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Method Chunk Federation

Isabelle Mirbel

Laboratoire I3S, Les Algorithmes - Route des Lucioles, BP 121

F-06903 Sophia Antipolis, Cedex - France

Abstract: Method Engineering aims at providing effective solutions to build,


improve and support evolution of development methodologies. Contributions, in
the field of situational method engineering, aim at providing techniques and tools
allowing to construct project-specific methodologies. But little research has fo-
cused on how to tailor such situational methodologies when used as organization-
wide standard approaches. In this context, we propose an approach which con-
sists in federating the method chunks built from the different project-specific
methods in order to allow each project to share its best practices with the other
projects without imposing to all of them a new and unique organization-wide
method.

Keywords: Method Chunk, Federation, Situational Method Engineering

1 Introduction

Several decades of works have been spent to provide effective solutions to build,
improve and support evolution of development methodologies. Different ap-
proaches have been successively proposed to provide suitable support to Informa-
tion System and Software Development (ISSD).
Experiments show that the provided models and methods have been adapted to
each of the different situations in which they have been used. At the end, almost
every project has carried out tailoring in order to apply effectively best standard
practices. It exists now a lot of variations around a specific method, each of them
looking suitable for the project it has been customized for but not so easily trans-
latable in a somewhat different project, even inside the same company or organi-
zation.
Works in the field of Situational Method Engineering (SME) have dealt with so-
lutions to better handle and answer this need for customization at project level
[1,15,4]. But as it has been emphasized in [2] little research has focused on how
to tailor such situational methodologies when used as organization-wide standard
approaches.
One solution is to capture and understand all the situational methods used in-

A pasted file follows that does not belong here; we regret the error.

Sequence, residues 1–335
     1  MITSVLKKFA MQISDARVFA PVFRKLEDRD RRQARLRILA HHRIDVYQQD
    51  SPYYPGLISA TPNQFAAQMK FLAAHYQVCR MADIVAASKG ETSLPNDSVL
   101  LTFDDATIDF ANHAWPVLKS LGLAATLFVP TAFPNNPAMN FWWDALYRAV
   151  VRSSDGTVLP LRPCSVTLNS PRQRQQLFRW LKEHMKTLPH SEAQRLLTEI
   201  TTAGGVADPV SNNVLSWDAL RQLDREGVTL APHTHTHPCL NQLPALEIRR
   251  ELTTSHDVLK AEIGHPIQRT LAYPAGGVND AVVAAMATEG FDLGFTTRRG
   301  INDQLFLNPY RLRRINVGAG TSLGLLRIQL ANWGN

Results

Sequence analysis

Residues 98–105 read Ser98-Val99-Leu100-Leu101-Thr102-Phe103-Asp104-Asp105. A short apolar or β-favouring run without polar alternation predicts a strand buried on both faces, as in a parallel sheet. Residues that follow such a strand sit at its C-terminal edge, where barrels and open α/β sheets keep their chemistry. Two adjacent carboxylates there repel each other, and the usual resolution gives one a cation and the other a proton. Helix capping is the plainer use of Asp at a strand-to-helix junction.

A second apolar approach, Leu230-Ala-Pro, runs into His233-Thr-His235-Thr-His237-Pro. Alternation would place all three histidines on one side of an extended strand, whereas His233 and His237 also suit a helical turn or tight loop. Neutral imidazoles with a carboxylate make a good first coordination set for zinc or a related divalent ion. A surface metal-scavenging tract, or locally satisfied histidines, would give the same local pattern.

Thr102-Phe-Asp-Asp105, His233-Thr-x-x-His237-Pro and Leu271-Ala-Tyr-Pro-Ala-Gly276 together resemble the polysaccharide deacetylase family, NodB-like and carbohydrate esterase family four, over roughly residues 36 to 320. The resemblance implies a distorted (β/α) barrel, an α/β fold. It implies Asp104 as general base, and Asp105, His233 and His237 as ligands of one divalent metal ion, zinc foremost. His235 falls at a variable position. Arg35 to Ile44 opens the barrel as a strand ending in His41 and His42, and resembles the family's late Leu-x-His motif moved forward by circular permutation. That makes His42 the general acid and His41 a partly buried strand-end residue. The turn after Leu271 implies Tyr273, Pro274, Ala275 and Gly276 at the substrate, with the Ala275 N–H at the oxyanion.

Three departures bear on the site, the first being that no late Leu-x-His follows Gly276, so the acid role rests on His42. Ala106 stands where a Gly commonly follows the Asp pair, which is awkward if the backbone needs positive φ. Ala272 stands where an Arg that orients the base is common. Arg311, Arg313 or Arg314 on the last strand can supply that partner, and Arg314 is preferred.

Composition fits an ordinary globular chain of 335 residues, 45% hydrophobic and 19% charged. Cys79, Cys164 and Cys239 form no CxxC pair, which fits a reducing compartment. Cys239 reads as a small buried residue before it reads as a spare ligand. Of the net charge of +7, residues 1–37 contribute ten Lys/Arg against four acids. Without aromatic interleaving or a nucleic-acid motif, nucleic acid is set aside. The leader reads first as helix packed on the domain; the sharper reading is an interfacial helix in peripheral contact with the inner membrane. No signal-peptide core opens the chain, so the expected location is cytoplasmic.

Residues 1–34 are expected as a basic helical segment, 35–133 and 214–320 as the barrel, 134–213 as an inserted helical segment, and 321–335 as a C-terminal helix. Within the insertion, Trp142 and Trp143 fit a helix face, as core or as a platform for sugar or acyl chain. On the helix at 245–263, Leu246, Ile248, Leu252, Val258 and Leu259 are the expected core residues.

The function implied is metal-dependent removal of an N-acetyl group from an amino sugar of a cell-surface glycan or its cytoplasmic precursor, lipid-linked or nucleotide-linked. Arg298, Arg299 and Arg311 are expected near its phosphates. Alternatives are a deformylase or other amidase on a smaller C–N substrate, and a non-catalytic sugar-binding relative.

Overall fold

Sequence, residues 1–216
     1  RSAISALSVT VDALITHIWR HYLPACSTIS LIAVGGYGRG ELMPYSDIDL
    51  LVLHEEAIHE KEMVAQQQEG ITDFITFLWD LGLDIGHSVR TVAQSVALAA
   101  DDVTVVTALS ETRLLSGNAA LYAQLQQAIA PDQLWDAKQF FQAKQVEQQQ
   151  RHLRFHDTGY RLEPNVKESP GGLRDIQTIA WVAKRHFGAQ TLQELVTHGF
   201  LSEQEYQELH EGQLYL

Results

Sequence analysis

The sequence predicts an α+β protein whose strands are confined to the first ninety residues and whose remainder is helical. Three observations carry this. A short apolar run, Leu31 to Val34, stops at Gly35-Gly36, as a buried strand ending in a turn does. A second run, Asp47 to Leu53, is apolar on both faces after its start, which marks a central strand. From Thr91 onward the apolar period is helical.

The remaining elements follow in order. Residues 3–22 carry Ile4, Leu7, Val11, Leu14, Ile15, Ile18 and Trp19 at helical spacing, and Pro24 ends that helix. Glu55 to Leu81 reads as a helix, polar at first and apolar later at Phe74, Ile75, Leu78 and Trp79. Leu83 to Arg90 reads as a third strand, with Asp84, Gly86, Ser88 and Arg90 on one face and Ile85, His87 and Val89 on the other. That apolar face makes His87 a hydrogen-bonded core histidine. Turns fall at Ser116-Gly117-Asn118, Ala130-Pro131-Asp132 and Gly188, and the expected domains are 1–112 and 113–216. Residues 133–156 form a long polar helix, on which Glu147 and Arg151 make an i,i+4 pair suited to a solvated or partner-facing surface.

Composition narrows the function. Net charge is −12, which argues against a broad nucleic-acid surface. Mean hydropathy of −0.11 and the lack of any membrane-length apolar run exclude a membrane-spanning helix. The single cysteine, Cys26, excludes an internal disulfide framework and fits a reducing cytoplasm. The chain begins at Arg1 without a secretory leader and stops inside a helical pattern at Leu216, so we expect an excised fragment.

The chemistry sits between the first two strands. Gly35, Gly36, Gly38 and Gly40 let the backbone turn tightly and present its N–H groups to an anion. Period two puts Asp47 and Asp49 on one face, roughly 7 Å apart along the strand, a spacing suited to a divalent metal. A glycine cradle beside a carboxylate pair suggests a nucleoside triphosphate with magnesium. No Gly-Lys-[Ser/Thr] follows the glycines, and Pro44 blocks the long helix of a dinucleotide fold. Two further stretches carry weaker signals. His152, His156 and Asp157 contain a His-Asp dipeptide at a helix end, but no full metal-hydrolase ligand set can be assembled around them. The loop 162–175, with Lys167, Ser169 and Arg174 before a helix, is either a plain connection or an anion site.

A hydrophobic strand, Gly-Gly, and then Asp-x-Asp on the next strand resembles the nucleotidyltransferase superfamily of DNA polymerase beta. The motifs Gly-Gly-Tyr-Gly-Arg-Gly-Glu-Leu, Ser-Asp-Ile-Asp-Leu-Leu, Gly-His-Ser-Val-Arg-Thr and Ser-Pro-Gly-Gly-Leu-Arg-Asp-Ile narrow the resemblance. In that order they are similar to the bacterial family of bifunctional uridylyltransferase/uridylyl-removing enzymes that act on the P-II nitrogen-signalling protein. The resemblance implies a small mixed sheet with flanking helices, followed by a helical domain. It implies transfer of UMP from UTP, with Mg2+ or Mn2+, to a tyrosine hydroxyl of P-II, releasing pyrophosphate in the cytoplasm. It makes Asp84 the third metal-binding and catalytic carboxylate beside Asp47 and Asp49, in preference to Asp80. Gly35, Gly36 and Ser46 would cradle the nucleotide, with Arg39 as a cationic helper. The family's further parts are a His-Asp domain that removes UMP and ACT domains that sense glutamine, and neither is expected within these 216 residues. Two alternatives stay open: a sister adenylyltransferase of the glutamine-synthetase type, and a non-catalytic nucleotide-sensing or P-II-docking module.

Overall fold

side each project to built an organization-wide standard method by merging the
best practices coming from each of them. This solution requires that method
engineers (i.e. the persons in charge of the methodology in the organization) are
able to capture and understand each variation of each method in each project.
It is not an easy task, as it is emphasized in [14] : method engineers and method
users (i.e. the person applying / using the methodology) lack experience and
ability to establish ’home grown’ development methodologies or to tailor existing
methodologies. It also requires to make each method user accept and use the new
organization-wide method instead of his/her customized version of it. It is also
not easy because method users prefer lightweight processes/methodologies to
heavyweight ones in which they feel more implicated. Lightweight methodologies
increase method users involvement on the contrary of heavyweight methodologies
where the only significant choices are made by method engineers. Feedback from
users shows that methodologies are seen as too prescriptive and too rigid [13].

In this context, we propose an alternative solution which consists in federating


the different project-specific methods in order to allow each project to share its
best practices with the other projects without imposing to all of them a unique
organization-wide method.
The remainder of this paper is as follows. In Section 2, we propose a framework
for method federation. In Section 3, the Reuse Frame and the Reuse Context
making possible the federation are presented. Section 4 details and illustrates
the User Situation and the Similarity Metrics we provide to retrieve meaningful
method parts and take advantage of the federation. The conclusion and discus-
sion about our future work are proposed in Section 5.

2 A Framework for Method Chunk Federation

To handle project-specific method federation, support has to be provided to first


make the project-specific method federable and then to federate the federable
best practices. It means first to break down the method into meaningful atomic
parts. It then requires to qualify each part with meaningful keywords in order
to make it retrievable by others inside the federation.

2.1 Breaking down Methods into Atomic Parts

The notion of reusable method component has been widely studied in the field of
SME. Based on the observation that any method has interrelated aspects, prod-
uct and process, several authors proposed two types of method components: pro-
cess fragments and product fragments [5,15,6]. Other authors consider only pro-
cess aspects and provide process components [7], or process fragments [9]. In the
work of Ralyte, this two aspects are integrated in the same module called Method
Chunk [16,4,11]. This notion represents the basic block for constructing method.
Generally, Method Chunk are stored in some method repository or method base.

In our work, we started from this notion of Method Chunk which seems the most
complete and suitable for our purpose. In this approach about Method Chunk, as-
sembly techniques have also been widely studied [11] and this is also useful in our
proposal where we help project members (method users and method engineers)
to enrich their project-specific method by discovering new guidelines through the